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CebuPac, PAL among three most profitable airlines in SEAsia

MANILA, Philippines -  Aviation think tank Centre for Asia Pacific Aviation (CAPA) reported that budget airline Cebu Pacific and national flag carrier Philippine Airlines emerged among the top three most profitable airlines in Southeast Asia, surviving the extremely challenging market conditions in the region.

CAPA ranked Cebu Pacific as the second most profitable airline with profit of $69 million in the first half of the year while PAL placed third with $13 million.

“The fact two of the four publicly traded profitable airlines from Southeast Asia in first half of 2014 hail from the Philippines would surprise most industry observers,” CAPA said.

It explained that the Philippine market experienced significant capacity adjustments and consolidation in 2013 and in the first quarter of 2014 putting it in a much better position in the second quarter compared to the other Southeast Asian markets.

“The second quarter 2014 marked a turning point with Cebu Pacific recording a record profit and Philippine Airlines swinging back in the black. Both had operating and net profits which were enough to easily offset the net losses from the first quarter,” the think tank said.

CAPA said only Philippine AirAsia that merged with Zest Airways in 2013 remained unprofitable but managed to narrow its losses in the first half of the year.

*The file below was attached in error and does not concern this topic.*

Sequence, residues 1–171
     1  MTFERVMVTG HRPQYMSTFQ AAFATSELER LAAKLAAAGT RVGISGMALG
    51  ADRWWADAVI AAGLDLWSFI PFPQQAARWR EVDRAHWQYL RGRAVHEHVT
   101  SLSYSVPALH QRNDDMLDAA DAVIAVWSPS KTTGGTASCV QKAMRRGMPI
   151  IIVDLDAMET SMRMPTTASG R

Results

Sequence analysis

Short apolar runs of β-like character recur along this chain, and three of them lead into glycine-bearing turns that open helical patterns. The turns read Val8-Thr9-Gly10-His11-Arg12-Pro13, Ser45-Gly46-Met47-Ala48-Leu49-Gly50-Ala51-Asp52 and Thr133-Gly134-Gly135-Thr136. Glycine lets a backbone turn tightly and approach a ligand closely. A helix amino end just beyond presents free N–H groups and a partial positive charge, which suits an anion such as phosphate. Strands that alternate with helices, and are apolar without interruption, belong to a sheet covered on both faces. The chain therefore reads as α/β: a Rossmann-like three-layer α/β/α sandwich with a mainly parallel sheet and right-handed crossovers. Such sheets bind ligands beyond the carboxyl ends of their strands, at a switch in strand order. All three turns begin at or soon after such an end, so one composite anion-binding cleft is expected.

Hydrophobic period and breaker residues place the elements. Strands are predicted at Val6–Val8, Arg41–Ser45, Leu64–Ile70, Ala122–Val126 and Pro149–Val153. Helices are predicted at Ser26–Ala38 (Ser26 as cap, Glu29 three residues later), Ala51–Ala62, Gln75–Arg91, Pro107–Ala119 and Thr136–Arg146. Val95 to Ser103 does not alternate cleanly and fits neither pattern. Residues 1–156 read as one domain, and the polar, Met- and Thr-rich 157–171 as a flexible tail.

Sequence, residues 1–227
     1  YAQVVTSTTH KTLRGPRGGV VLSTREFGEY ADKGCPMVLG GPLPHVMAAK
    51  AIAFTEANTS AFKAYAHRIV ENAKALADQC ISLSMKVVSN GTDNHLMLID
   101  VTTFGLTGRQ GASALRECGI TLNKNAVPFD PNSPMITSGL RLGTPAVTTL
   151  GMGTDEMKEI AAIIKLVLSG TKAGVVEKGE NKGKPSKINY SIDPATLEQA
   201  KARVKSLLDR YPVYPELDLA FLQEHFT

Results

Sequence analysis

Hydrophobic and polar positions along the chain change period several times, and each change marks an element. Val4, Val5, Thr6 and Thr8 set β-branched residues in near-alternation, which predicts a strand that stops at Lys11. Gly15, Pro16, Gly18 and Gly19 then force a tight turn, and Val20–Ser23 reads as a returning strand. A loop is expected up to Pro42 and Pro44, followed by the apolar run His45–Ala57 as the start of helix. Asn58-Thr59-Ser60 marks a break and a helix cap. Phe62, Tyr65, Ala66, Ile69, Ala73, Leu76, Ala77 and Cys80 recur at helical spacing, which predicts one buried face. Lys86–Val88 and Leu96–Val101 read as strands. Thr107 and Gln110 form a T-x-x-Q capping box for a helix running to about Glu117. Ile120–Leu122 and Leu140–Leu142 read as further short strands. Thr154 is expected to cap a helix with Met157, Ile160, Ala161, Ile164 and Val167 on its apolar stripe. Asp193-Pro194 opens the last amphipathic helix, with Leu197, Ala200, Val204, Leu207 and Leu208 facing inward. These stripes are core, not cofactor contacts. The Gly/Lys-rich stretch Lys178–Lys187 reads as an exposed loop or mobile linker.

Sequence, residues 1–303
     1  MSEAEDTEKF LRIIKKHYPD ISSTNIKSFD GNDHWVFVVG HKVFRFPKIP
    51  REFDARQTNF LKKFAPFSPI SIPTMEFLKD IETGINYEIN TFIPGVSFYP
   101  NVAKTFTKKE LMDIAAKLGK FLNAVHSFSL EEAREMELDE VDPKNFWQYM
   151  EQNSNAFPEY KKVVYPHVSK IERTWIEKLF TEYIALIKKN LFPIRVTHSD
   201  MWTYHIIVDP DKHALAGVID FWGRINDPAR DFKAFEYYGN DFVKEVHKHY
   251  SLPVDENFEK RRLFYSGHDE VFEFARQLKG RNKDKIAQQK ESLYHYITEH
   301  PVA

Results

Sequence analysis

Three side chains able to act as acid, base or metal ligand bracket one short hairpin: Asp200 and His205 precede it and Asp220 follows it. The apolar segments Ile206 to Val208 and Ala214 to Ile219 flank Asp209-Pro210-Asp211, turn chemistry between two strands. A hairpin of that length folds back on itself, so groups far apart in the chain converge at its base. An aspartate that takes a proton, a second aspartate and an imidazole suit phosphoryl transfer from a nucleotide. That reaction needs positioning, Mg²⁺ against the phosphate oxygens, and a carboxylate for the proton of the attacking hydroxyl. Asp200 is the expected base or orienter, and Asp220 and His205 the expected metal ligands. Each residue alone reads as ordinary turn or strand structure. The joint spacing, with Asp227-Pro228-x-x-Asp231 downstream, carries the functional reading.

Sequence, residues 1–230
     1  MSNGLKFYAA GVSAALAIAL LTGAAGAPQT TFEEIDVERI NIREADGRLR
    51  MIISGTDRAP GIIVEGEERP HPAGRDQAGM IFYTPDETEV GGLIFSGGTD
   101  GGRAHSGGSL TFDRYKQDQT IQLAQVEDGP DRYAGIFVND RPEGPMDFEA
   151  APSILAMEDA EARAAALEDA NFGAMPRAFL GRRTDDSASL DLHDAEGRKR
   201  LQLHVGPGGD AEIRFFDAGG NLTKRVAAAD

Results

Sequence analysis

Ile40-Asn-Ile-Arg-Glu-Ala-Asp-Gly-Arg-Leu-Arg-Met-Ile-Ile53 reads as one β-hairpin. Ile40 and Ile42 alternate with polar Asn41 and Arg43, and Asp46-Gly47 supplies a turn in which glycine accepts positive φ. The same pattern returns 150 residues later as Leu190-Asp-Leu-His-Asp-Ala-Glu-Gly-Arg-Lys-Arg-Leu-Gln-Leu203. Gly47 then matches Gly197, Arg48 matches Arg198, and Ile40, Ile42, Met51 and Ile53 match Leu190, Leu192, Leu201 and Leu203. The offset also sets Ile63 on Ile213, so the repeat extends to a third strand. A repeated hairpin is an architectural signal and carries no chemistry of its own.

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Malaysia Airlines, despite the series of accidents including the mysterious disappearance of MH370 as well as the shooting down of Flight MH17 over the Ukranian airspace, emerged as the most profitable airline in Southeast Asia with $122 million.

SilkAir booked a net profit of $7 million while Thai AirAsia just broke even.

In its latest Aviation Analysis entitled “Southeast Asian airlines: 80 percent were unprofitable in H1 but conditions are starting to improve,” CAPA said only five of the 17 publicly listed airlines in the region recorded a net profit in the first half of the year.

CAPA said losses are likely to continue through at least the third quarter this year but there are indications market conditions would start to improve by the fourth quarter or the first quarter of next year.

It added that several Southeast Asian airlines have responded to overcapacity by cutting capacity or slowing their expansion.

The Southeast Asian market has suffered from overcapacity since the second half of last year. The overcapacity problems peaked in the first half of the year as new aircraft continued to be added at a rapid pace.

Just like the Philippines, CAPA said some of the other markets in Southeast Asia also are now starting to see consolidation and more rational behavior in the form of capacity cuts and slower expansion rates.

 

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